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Iran, Iraq discuss economic cooperation, debt

Tehran, Jan 22, IRNA -- Minister of Economy and Finance Safdar Hosseini said here Saturday that Iran is ready to share its economic experiences with Iraq.

The ministry's public relations department reported that in a meeting with Iraqi counterpart Adel Abdul Mahdi, Hosseini referred to the upcoming election in Iraq.

"With the incoming government the Tehran-Baghdad relations will strengthen," he added.

Iran is ready to provide experiences it has gained on economic planning and policy. "Specifically, Iran's experiences on banking, customs, investments and treasury affairs could be beneficial for Iraq."

The Iraqi economy minister lauded Iran's cooperation in the past and called for finding resolutions on the issue of the loans owed by the country to Iran.

"The Iraqi government is hopeful that the loans by Iraq will be mitigated based on the Paris Club decision last month."

He referred to the areas of cooperation between the neighboring states saying that currently, 'Agricultural' and 'Meli' Banks of Iran have obtained permits to operate in Iraq.

"There are more applications for other Iran-based banks to open branches in the country, Mahdi underlined.

He then described the operation of international banks in Iraq. "International banks can open branches with participation of Iraqi investors or 100 percent of foreign capital ownership," he said.

The Paris Club agreed last month to cancel 80 percent of the debt Iraq owes its members. Mahdi said the Paris Club moves would help speed Iraq's reconstruction.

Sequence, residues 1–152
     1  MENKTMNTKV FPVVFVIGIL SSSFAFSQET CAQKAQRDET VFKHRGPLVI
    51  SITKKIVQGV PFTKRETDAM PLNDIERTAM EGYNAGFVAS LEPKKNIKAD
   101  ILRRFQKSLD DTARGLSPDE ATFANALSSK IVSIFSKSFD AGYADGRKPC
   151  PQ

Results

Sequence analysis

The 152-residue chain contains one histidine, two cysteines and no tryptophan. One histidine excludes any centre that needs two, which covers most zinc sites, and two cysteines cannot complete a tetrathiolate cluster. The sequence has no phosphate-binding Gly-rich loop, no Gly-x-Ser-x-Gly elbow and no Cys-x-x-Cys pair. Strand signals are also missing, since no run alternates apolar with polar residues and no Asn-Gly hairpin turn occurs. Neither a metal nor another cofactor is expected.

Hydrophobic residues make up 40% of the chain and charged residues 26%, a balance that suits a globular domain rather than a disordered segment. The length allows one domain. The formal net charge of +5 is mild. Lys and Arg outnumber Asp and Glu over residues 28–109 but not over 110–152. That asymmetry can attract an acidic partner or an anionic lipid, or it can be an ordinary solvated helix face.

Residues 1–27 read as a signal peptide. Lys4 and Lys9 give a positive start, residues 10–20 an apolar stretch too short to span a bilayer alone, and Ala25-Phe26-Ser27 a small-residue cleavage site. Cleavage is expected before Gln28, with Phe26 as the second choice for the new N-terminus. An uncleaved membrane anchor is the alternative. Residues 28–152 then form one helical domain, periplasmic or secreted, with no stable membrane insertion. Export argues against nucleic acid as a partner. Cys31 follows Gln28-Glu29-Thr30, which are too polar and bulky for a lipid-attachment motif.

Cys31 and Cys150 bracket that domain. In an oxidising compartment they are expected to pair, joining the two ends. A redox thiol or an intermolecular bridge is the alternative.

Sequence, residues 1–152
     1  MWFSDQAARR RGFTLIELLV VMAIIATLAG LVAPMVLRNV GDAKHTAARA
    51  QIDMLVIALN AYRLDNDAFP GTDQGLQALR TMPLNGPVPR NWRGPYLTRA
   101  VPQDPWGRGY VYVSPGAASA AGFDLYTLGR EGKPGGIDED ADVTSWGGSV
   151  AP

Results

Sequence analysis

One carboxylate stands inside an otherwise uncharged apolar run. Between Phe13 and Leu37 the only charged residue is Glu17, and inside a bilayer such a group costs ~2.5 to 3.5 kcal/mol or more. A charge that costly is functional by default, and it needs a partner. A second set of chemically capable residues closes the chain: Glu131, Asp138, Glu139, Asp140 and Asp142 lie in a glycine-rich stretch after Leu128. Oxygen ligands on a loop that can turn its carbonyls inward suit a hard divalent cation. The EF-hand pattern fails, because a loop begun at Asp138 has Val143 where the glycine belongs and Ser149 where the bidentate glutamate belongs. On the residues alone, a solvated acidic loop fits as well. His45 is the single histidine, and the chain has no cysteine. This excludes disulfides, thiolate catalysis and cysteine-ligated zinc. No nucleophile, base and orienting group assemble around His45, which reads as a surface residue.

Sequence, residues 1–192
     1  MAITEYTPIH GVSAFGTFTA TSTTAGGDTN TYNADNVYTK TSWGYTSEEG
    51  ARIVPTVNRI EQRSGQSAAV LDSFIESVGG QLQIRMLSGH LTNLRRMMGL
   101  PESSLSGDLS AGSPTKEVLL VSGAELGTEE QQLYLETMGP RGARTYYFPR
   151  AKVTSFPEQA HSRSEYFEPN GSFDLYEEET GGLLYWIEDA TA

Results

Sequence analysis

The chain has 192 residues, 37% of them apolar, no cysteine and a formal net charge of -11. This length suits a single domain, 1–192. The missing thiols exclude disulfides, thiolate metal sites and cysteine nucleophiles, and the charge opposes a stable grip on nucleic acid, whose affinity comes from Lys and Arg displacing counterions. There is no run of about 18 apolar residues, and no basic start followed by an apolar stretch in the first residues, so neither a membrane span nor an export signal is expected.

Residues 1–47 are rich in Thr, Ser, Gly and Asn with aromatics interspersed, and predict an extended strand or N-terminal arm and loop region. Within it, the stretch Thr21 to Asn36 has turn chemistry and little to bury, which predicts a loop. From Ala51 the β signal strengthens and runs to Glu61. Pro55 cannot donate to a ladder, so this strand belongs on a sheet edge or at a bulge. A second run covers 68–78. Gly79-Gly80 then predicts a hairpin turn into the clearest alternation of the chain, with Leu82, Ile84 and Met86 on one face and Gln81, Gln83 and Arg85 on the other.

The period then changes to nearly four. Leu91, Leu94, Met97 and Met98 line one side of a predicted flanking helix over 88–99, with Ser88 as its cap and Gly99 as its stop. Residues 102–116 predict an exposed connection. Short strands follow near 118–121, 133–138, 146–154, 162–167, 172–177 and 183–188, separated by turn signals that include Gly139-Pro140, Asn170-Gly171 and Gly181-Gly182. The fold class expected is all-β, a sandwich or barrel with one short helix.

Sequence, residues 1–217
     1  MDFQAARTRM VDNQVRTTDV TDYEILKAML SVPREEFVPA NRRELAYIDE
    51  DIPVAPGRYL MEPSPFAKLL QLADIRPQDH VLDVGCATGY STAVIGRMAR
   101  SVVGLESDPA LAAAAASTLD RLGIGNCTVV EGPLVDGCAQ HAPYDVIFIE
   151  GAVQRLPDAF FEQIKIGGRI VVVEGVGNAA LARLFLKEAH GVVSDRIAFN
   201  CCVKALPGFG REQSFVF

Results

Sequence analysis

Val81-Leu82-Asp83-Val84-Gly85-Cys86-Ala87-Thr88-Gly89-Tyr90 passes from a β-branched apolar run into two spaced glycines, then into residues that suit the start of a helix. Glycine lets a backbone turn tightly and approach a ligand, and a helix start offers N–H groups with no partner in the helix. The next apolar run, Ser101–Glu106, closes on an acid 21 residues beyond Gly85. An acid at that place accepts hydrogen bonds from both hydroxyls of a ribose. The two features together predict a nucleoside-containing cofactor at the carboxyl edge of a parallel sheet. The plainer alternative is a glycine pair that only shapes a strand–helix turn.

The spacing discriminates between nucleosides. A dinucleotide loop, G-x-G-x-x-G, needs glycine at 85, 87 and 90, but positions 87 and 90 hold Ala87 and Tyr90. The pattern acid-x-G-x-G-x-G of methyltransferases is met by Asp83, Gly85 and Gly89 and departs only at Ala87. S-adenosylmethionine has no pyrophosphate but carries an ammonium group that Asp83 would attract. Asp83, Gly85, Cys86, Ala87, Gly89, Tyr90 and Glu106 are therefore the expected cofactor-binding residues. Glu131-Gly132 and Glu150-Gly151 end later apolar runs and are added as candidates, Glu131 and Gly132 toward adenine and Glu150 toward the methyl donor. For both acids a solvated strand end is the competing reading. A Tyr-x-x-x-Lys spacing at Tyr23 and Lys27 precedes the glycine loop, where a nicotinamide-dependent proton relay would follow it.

"That is really our second liberation after the fall of Saddam Hussein, because liberating our economy is a very important process of liberating Iraq," said Mahdi

The agreement, which will slash Baghdad's debt to Club creditors to dlrs 7.8 billion from dlrs 38.9 billion, would be put into effect in three steps over the next four years.

The Paris Club's 19 members include the Group of Seven industrialized countries -- the United States, Japan, Canada, Germany, Britain, France and Italy -- as well as other Western European states, Russia and Australia.

Other creditors who are not in the Paris Club but could follow its lead include Saudi Arabia, Kuwait and Eastern European states.

Under the deal, the Paris Club nations will immediately cancel 30 percent of the debt owed to them by Iraq.

An additional 30 percent waiver would follow in 2005 once an economic program with the International Monetary Fund is approved. A further 20 percent would be pardoned in 2008 after a review of the implementation of the IMF economic program.

... Payvand News - 1/22/05 ... --

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